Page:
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Long-term testosterone treatment with different testosterone preparations - provocative results on diagnosis and adherence

Due to lack of consistent clear-cut guidelines for diagnosis and treatment of testosterone deficiency, there is a lot of confusion among both health professionals and suffering men. The multiple different testosterone preparations available further add to the complexity of testosterone treatment.

This article presents the intriguing results from a notable study that analyzed effects of testosterone therapy with seven different testosterone preparations in symptomatic men who had previously been denied treatment because of “normal” baseline testosterone levels.[1]
 
The results are quite provocative and highlight several important practical issues relating to diagnosis and treatment of hypogonadism…
 
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Waist-to-Height Ratio as a Screening Tool for Testosterone Deficiency

A bidirectional relationship exists between excess body fat, and/or belly fat, and testosterone levels in men. That is, excess body (belly) fat decreases testosterone levels and may cause testosterone deficiency, and low testosterone levels increases body (belly) fat.[1-4]  I covered this in-depth in a previous article “Testosterone and Fat Loss - the Evidence”.
 
In “Keep your waist to less than half your height” I introduced the waist-to-height ratio and explained that it is a better tool for predicting health outcomes and mortality than is waist circumference alone. I have also covered the association between a large waist (i.e. belly) and reduced testosterone levels in "Young Men, Waist, Testosterone and Erectile Function: Low-T is not only an old man's issue".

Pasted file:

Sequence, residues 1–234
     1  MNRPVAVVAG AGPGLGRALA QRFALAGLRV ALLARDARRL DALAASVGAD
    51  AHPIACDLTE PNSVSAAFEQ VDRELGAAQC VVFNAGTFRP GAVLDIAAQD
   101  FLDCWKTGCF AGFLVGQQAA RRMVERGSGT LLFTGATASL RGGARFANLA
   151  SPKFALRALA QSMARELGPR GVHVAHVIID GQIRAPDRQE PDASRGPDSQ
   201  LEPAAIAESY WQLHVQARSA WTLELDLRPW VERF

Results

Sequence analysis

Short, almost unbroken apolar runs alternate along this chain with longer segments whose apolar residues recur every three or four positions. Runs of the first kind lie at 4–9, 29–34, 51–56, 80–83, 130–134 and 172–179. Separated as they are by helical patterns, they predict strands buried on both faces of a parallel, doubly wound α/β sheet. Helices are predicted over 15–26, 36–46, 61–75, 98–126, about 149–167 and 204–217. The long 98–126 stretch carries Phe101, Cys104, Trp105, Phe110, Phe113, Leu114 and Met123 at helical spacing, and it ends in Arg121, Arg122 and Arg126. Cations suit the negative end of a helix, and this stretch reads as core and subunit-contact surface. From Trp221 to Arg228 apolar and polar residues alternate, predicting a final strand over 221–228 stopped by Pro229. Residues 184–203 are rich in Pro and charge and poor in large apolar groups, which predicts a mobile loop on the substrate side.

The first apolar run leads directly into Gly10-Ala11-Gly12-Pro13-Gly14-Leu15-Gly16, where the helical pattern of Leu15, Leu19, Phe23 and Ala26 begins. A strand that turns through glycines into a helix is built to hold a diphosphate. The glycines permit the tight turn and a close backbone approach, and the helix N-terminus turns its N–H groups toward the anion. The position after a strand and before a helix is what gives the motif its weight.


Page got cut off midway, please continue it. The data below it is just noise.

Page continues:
Here I will summarize research showing that the waist-to-height ratio can also be used as a screening tool for testosterone deficiency. 
 
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Testosterone treatment is NOT associated with risk of adverse cardiovascular events – the RHYME study

It is well-documented that testosterone therapy effectively restores testosterone levels in hypogonadal men and improves many health outcomes, such as quality of life [1-4], libido [4, 5], metabolic parameters [5-9] and body composition.[4, 5, 9, 10]
 
However, a few conflicting studies raised concerns about the cardiovascular safety of testosterone therapy [11, 12], which in 2015 prompted the FDA to issue warnings to physicians and patients about potential cardiovascular risks of testosterone therapy.
 
In contrast, the European Medicines Agency (EMA) acknowledged the flaws of the conflicting studies and concluded that there is no consistent evidence of harm associated with testosterone therapy, regardless of mode of delivery.[13]
 
Here I summarize the cardiovascular results of the notable RHYME (The Registry of Hypogonadism in Men) study, which contrary to prior clinical trials, enrolled men with a wide range of comorbid illnesses and cardiovascular risk factors.[14] The aim was to evaluate the safety of testosterone therapy in a sufficiently diverse population to reflect real-world, clinical experience.[14]
 
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Dr. Pierce's Medical Organization Affiliations